What we'll be listening to, watching, and reading to sate our pop culture needs.
The Mad Men countdown is on. Luckily there are plenty of things we can distract ourselves with until Sunday night, including Queen Latifah’s star turn as Bessie Smith, and Catherine Deneuve’s French thriller. Bon weekend, indeed!
We’re not yet ready to say goodbye to Peggy, Joan, and the rest of the Sterling Cooper cohorts, but show creator Matthew Weiner isn’t giving us a choice, so we’re going to watch, riveted, on Sunday night as television comes to the end of an era. As a series that made no qualms about showing the harsh history of sexism and racism in even the most progressive of cities, Mad Men, though entertaining to say the least, has been a fascinating window into an all-too-recent past, one that caused us to reflect on our current societal ills, many of which are far too similar. Echoing the last words of the agency’s biggest eccentric Bert Cooper, “Bravo.”
Sure, the HBO Bessie Smith biopic, directed by Pariah filmmaker Dee Rees, would be a good watch on premise alone—the openly bisexual singer it depicts was a groundbreaking blues great after all. But with Queen Latifah in the titular role, Bessie becomes exceptional, especially when QL takes the stage. The riveting film follows the star’s rise to fame in the face of adversity—not least of which was her skin color—as well as her meaningful relationships, like mentor, Ma Rainey played by Mo’Nique. Its nuances highlight the rampant racism of the day—through minor characters like vaudeville bookers and White blues fans—but beyond the story, Bessie brings Queen Latifah back to the forefront where she should be, and shows off the sharp skills and keen eye of director Rees, who has us highly anticipating what she’ll do next.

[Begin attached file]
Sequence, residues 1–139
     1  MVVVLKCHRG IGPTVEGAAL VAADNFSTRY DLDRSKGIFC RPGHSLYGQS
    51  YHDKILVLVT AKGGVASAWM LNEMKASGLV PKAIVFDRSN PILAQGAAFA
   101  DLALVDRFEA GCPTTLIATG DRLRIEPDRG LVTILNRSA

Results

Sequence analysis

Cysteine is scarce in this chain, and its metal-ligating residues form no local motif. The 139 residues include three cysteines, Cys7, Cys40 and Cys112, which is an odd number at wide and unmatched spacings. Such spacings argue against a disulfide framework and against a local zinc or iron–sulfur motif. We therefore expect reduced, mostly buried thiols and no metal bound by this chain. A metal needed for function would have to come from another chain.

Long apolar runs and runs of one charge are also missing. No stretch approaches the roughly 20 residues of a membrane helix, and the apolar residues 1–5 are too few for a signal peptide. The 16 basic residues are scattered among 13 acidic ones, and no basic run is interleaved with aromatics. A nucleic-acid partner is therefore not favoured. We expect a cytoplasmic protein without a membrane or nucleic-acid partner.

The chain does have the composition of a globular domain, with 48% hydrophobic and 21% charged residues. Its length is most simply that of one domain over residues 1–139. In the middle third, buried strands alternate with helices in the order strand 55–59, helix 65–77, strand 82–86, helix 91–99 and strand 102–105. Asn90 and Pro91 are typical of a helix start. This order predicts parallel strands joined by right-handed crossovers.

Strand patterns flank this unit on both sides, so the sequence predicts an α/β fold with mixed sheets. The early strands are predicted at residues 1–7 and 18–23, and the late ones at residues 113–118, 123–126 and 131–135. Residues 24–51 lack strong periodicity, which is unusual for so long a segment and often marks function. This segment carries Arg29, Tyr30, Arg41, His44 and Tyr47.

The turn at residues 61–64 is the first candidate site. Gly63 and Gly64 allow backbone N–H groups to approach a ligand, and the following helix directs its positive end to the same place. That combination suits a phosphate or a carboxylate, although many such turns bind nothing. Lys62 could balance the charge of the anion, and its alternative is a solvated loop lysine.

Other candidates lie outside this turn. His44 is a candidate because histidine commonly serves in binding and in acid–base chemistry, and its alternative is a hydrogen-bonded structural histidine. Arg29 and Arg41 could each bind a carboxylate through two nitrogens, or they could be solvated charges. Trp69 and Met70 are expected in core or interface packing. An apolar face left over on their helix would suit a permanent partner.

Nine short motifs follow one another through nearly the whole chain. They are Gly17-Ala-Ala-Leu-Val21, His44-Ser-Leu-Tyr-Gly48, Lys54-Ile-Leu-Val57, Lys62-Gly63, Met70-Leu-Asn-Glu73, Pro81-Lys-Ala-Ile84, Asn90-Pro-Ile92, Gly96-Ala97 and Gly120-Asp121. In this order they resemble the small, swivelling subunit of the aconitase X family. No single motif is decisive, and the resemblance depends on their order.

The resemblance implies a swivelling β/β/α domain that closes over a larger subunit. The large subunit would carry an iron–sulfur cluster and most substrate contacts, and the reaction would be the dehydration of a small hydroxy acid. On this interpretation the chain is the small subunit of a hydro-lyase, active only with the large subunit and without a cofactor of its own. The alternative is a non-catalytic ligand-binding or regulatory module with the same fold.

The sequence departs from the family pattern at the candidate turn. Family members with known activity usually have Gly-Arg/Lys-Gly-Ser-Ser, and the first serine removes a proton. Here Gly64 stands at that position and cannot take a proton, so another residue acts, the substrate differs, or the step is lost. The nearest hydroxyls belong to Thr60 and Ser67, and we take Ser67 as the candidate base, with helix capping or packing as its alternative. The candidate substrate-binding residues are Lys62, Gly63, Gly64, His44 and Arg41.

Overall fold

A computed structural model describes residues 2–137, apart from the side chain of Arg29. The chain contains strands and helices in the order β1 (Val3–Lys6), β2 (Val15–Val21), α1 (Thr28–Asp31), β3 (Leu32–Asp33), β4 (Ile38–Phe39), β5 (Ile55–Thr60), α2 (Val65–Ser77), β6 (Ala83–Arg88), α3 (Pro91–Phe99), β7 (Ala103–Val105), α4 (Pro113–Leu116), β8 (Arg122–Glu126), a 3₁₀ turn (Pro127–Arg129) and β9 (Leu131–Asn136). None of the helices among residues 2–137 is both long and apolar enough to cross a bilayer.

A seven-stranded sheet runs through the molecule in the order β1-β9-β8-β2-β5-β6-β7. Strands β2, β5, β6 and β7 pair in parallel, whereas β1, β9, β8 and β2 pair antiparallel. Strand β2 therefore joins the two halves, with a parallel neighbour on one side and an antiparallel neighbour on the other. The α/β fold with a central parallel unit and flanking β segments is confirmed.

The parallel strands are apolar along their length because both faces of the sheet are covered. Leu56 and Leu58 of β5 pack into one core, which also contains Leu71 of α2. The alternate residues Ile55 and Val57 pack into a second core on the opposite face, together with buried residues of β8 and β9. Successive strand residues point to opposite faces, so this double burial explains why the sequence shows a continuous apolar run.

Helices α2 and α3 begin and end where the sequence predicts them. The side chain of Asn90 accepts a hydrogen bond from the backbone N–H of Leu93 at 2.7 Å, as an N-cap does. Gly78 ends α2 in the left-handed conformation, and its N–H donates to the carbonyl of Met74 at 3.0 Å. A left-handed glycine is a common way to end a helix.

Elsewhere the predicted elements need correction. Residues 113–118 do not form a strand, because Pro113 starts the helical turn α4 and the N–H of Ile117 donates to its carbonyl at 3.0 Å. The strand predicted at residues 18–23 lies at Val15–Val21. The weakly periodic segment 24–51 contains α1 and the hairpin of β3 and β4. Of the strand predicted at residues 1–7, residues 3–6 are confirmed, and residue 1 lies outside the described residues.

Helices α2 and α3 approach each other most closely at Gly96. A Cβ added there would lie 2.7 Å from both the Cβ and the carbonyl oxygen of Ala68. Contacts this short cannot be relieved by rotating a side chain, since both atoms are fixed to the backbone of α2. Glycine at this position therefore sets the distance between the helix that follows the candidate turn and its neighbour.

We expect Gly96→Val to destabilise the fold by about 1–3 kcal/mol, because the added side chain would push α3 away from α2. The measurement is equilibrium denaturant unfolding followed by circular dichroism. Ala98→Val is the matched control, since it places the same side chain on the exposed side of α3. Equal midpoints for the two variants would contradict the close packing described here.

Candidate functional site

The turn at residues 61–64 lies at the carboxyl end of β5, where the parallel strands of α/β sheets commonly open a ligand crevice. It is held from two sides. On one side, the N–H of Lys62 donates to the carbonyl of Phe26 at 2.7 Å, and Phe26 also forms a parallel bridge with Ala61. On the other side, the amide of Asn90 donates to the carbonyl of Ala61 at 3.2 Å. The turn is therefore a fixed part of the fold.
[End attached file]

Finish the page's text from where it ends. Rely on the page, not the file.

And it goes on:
Female rock critics have long been relegated to the sidelines, getting elbowed to the back of pop culture by the male writers who feel they have more of a “right” to be there. Which is why Jessica Hopper’s new book is so important. As the Pitchfork Review editor says in her foreword, she’s “planting a flag,” with this collection of reviews, reportage, profiles, and criticism—we’re here, and there are more of us coming.
French screen queen Catherine Deneuve stars in the latest film from André Téchiné, as Renée La Roux, a casino owner double-crossed by her daughter, Agnès, after she falls in love with her manipulative lawyer (who is later blamed for Agnès’s disappearance). Based on a true story, the intrigue of the ’70s scandal is balanced by the gorgeous Nice locale it’s set in. Deneuve is superb, as always, and her daughter, played by Adele Haenel, is certainly one à surveiller, as they say.
Few septuagenarians are still rocking the mic, but, after a seven-year break, Buffy Sainte-Marie has released her 18th album, and she still sings with the same fire she had in the ’60s. A mix of political anthems, ballads, and pure rock, Sainte-Marie’s album is, in a nutshell, why we love her—she’ll forever be fighting for awareness of indigenous Americans, and she sounds so good doing so.
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